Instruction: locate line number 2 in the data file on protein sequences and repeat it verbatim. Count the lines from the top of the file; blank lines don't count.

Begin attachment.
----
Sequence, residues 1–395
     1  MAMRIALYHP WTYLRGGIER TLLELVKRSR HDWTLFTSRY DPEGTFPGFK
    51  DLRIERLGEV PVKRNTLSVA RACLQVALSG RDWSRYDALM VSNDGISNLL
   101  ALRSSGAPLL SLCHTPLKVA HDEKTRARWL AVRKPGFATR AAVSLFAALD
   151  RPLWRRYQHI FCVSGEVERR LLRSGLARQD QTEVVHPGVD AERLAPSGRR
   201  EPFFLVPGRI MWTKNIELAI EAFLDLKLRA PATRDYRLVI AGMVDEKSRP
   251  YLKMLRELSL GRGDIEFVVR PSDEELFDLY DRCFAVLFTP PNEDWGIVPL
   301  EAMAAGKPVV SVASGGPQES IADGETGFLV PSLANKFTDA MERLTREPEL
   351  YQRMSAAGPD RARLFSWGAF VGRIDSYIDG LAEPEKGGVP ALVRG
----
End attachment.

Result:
     1  MAMRIALYHP WTYLRGGIER TLLELVKRSR HDWTLFTSRY DPEGTFPGFK